The public are being asked to check whether planning guidance designed to reduce light pollution in an area of outstanding natural beauty needs any alterations.

The supplementary information for developments affecting the Clwydian Range and Dee Valley Area of Outstanding Natural Beauty (AONB) was discussed at Denbighshire council’s recent planning meeting.

Essentially it sets out the policy for developments within the AONB which seek to guarantee everyone from astronomers to the casual observer can actually see the night sky in all its glory.

The guidance, which will go out for public consultation this month, is looking to stop poorly designed external lighting which inhibits the views of the night sky – which will be a material planning consideration in the Clwydian Range and Dee Valley AONB.

The knock-on effect is lighting with a “cooler” colour temperature can also use less energy.

However it can also have major benefits for nocturnal wildlife, by reducing the impact of humans on flora and fauna’s natural environment.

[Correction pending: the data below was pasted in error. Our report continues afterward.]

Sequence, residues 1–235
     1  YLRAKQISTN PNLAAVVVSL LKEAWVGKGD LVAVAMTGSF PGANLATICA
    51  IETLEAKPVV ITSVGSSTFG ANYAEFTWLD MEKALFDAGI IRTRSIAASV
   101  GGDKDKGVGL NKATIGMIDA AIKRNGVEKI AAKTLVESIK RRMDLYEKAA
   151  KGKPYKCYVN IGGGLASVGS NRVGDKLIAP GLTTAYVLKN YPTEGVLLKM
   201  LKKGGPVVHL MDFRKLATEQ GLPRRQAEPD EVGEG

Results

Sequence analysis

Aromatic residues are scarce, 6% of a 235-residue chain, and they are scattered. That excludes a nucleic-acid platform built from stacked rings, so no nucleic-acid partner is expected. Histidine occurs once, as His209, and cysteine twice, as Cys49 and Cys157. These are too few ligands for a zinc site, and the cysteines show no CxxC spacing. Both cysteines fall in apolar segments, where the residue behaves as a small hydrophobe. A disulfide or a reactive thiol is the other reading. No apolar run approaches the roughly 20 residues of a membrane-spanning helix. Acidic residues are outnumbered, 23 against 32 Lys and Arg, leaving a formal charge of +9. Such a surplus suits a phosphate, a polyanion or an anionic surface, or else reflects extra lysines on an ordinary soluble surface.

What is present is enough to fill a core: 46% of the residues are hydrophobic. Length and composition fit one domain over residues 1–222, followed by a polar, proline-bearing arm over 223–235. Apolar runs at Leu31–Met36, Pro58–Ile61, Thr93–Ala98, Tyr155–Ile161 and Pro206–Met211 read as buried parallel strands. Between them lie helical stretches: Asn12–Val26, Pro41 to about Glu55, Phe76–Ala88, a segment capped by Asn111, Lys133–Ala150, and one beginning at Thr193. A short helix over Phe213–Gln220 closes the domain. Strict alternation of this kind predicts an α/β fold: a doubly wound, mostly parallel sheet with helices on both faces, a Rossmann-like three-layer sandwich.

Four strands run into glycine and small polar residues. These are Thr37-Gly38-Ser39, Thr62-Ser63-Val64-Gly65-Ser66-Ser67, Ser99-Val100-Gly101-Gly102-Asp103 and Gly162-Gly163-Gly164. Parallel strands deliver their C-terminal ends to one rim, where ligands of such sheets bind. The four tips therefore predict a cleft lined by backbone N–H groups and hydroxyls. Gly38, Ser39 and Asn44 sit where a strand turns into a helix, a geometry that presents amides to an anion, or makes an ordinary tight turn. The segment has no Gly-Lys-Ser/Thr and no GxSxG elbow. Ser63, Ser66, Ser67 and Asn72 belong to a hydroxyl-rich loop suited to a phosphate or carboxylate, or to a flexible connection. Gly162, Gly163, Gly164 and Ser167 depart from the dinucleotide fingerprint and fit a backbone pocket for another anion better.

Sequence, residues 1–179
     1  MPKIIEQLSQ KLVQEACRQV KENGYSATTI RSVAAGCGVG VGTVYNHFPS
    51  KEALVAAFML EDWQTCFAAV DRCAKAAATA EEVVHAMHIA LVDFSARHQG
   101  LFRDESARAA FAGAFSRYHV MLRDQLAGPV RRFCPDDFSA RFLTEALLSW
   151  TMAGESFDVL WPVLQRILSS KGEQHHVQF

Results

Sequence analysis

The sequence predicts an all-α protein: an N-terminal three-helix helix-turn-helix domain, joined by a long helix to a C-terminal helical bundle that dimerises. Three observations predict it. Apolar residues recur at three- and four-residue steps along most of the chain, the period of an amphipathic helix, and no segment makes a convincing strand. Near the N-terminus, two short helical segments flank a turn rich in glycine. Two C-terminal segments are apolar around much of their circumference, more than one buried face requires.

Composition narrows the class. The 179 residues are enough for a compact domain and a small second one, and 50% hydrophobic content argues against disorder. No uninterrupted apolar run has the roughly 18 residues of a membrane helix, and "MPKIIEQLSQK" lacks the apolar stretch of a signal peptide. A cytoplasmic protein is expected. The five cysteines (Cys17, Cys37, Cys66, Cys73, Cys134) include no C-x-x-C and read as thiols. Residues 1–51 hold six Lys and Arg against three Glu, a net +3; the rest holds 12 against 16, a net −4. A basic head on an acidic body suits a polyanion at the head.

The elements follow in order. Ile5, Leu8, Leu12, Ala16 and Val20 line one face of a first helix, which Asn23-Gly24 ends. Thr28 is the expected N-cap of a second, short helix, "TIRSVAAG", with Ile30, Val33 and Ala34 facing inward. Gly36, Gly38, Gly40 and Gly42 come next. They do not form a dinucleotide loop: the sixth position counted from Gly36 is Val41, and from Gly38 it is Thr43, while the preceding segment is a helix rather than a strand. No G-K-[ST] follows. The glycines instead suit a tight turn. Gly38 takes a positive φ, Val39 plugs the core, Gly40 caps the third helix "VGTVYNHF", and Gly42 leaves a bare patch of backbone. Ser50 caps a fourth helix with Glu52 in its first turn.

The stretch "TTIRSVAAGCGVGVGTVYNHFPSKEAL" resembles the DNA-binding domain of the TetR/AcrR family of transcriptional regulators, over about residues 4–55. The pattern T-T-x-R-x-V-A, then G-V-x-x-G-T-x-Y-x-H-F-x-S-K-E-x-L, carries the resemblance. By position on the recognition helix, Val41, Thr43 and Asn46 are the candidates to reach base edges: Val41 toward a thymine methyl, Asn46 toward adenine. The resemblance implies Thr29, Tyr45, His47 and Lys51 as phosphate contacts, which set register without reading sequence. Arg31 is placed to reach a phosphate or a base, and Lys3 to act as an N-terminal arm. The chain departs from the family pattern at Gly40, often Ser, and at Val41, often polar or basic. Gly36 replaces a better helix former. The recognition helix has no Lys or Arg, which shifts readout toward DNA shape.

As an example of the effects of poor lighting came in 2015, when a change in street lighting from sodium to lower power LED lights revived the glow work population on the headland, after it was brought to the attention of Conwy county council by amateur naturalist Jenni Cox.

Her research showed male glow worms were distracted by the sodium lights and it stopped them from seeking females.

After the changes in lighting the males started noticing the females again and population numbers boomed.

Lead member for housing and communities, Cllr Tony Thomas, said the guidance would also help make the area attractive to tourists, keen to sample the unspoilt, natural environment.

The guidance recommends lighting controls, shielding light from escaping upwards, using lights which emit a colour temperature of no more than 3000 Kelvin and devices such as motion sensors to limit the amount of time exterior lights are used.

Once the policy is adopted it will affect planning decisions in Denbighshire, Flintshire and Wrexham councils, who all have areas within the AONB.

They area also seeking the recognition the International Dark Sky Association to designate the area as a Dark Sky Community.

The AONB spreads from the borders of Prestatyn, as far as Llangollen in the south and near Chirk and Corwen in the west.

Councillors unanimously agreed the document should  be sent out for public consultation.